Gene editing can treat people who are at risk of hearing loss caused due to genetic mutations, otherwise known as autosomal dominant hearing diseases, reveals a new study.
Xue (Sherry) Gao, who joined Rice in the fall as the Ted N. Law Assistant Professor of Chemical and Biomolecular Engineering, is co-lead author of a new Nature paper.
Gao performed the research while a postdoctoral associate under the guidance of David Liu at Harvard University. She said that while hearing diseases are typically not life-threatening, hearing loss is the most common human sensory impairment and has a substantial impact on individuals and society.
Gao said humans are born with about 12,000 hair cells that do not regenerate spontaneously if damaged. It has been reported that one in every 1,000 infants born in the United States has genetic mutations that contribute to deafness. Nevertheless, she said, few treatments are available to slow or reverse genetic deafness.
The researchers used rodent models of human genetic disease since a rodent cochlea, the organ in the inner ear that sends sounds to the brain is strikingly similar to that of humans, Gao said. They focused on editing hair cells inside the cochlea, which they found suitable for the delivery of one-time, nonreplicable edits through Cas9/single-guide RNA.
The RNA is a ribonucleotide (RNP) protein complex designed to specifically disrupt genes associated with hearing loss.
"Delivering the RNP complex instead of DNA into the cochleae showed significantly fewer off-target effects," Gao said. This enabled the researchers to effectively disrupt one genomic site containing a single point mutation and avoid the billions of other sites available for modification.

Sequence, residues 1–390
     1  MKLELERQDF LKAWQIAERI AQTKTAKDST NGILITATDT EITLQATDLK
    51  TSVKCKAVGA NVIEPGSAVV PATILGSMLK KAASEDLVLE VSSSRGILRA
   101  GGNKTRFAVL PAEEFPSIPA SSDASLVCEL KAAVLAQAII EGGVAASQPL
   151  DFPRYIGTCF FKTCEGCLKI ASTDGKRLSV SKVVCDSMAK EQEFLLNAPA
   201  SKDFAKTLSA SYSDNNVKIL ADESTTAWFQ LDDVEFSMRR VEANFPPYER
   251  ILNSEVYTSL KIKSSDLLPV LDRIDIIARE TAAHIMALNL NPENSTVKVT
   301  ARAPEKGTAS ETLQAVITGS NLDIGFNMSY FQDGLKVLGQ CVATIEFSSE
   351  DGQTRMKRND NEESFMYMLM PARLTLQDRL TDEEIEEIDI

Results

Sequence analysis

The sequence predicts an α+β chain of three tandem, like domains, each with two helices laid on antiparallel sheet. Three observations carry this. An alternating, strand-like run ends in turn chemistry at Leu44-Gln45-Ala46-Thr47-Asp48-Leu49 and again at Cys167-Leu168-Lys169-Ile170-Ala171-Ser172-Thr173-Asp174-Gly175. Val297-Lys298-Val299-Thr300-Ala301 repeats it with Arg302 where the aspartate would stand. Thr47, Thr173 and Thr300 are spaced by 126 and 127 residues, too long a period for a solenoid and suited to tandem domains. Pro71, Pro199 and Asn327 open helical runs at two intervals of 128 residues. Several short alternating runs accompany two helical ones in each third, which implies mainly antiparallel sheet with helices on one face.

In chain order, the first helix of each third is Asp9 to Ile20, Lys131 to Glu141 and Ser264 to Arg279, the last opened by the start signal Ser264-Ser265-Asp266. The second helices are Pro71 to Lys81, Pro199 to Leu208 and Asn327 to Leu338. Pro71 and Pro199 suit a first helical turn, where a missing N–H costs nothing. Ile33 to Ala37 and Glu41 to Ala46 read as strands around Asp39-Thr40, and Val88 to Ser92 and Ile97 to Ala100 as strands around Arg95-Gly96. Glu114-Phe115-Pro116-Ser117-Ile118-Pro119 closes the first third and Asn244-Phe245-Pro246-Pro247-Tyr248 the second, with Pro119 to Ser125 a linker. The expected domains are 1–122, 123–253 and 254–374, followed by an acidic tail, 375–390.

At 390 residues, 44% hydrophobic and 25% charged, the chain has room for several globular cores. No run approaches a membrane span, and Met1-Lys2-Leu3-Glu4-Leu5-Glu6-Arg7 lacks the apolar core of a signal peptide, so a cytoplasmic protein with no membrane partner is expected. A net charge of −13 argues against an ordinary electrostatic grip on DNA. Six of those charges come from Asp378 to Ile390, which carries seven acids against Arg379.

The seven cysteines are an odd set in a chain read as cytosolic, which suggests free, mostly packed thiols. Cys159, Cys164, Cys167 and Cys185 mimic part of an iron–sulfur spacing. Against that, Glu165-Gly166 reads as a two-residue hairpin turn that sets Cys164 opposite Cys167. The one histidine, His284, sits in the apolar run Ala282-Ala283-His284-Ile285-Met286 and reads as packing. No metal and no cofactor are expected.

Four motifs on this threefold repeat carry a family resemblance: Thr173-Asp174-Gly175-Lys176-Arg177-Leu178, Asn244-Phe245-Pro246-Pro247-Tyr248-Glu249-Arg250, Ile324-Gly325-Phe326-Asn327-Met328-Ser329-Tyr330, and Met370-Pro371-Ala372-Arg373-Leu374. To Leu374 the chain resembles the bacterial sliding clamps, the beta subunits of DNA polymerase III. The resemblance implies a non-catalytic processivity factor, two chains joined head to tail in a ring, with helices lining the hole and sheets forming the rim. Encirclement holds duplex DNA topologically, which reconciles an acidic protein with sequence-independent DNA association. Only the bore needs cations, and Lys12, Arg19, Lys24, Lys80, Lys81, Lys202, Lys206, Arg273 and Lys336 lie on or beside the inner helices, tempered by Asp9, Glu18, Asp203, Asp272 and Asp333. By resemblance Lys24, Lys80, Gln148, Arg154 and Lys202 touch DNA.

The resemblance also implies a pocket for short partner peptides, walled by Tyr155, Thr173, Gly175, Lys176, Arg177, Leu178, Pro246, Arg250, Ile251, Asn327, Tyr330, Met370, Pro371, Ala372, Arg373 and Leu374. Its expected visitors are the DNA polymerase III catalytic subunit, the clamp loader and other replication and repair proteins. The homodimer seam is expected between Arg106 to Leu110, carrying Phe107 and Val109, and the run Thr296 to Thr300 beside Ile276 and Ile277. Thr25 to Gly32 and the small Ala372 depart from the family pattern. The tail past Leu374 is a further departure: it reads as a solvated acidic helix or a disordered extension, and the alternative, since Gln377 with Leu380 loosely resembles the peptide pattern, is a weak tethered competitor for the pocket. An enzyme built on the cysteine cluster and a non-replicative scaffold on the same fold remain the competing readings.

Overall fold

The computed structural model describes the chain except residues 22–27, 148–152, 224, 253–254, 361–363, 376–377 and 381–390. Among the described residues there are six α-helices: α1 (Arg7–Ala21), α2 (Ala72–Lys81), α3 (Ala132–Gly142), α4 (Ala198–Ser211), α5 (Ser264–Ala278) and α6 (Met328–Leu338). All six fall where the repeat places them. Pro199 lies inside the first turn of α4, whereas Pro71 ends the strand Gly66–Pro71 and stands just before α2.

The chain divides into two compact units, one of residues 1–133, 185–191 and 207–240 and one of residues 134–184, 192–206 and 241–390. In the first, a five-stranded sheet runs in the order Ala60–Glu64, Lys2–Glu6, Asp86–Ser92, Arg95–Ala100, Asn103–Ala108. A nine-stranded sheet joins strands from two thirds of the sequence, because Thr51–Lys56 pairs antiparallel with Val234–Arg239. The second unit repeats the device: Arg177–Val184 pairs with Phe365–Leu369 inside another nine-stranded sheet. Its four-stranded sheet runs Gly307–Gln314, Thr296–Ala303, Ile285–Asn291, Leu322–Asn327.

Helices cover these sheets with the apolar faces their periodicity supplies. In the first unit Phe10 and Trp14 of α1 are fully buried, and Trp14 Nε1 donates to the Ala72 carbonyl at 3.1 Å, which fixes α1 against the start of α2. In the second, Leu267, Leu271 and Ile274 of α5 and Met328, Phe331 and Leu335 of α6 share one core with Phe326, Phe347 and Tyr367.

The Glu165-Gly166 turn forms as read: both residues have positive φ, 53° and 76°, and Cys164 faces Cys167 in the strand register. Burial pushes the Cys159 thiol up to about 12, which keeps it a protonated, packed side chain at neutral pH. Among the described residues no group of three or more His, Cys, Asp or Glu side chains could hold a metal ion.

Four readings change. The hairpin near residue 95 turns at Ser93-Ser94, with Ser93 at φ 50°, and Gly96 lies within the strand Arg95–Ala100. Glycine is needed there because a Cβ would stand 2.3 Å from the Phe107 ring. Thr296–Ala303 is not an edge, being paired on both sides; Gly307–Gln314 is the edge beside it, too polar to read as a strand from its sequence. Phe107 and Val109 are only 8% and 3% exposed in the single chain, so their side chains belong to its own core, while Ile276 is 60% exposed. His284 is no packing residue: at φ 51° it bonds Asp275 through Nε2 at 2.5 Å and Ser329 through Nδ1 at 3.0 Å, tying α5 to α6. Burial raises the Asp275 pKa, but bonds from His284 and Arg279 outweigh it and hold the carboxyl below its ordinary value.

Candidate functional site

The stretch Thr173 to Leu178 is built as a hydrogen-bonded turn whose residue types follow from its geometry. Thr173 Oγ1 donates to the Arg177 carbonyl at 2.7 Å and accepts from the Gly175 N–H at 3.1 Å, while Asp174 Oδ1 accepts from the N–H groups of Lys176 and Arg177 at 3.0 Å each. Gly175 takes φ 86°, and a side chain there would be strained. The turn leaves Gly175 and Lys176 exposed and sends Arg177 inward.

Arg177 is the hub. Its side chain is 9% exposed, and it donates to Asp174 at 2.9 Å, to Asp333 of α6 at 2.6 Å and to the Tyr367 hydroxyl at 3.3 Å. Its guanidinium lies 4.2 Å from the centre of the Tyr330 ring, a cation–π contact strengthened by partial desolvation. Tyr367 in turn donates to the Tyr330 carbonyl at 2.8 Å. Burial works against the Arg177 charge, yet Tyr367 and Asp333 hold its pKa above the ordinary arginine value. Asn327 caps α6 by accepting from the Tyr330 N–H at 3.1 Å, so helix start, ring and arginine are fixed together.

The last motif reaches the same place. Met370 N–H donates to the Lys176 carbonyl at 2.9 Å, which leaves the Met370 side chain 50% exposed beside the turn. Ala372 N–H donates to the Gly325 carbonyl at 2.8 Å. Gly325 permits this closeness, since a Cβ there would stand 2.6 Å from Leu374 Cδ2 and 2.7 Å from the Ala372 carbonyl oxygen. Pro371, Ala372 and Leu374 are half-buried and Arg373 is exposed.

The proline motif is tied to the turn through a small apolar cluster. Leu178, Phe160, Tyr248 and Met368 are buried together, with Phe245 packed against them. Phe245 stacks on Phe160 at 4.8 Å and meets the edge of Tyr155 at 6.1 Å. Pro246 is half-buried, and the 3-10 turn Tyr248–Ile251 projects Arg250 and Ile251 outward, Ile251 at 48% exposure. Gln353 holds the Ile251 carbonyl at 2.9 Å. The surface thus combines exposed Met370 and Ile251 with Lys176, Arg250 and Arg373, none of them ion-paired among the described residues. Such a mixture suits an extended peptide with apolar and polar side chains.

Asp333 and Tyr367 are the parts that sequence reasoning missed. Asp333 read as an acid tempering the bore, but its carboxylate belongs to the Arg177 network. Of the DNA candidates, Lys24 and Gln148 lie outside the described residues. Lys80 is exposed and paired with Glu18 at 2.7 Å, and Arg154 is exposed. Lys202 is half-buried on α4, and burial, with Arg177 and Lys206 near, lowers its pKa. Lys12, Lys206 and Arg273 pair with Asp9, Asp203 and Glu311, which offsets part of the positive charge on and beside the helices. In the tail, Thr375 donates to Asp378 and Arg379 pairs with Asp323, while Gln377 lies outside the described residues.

Eight weeks after injecting the protein complex into the cochleae of rodents with progressive, genetic hearing loss, the researchers observed higher hair cell survival rates compared with those in a control group that did not receive the injection.
Tests that measured brain waves in response to audio cues showed the treatment significantly preserves the animals' hearing compared with the control group. The treatment also helped preserve the injected animals' acoustic behavioral reflexes, according to the researchers.
"We believe this is a leading study on using Crispr-Cas9 genome editing technology to treat genetic hearing diseases," said Gao, whose lab is at Rice's BioScience Research Collaborative. "We hope to develop more advanced genome-editing tools and test them on other animal species to demonstrate their safety and effectiveness as we move them toward humans.
"I'm definitely looking for collaborators at Rice, the Texas Medical Center and in Houston who also are interested in developing genome-editing technology," she said.
Gao's primary collaborators on the Nature paper were co-lead author Yong Tao and Zheng-Yi Chen of the Massachusetts Eye and Ear Infirmary.
The Defense Advanced Research Projects Agency and the National Institutes of Health supported the research.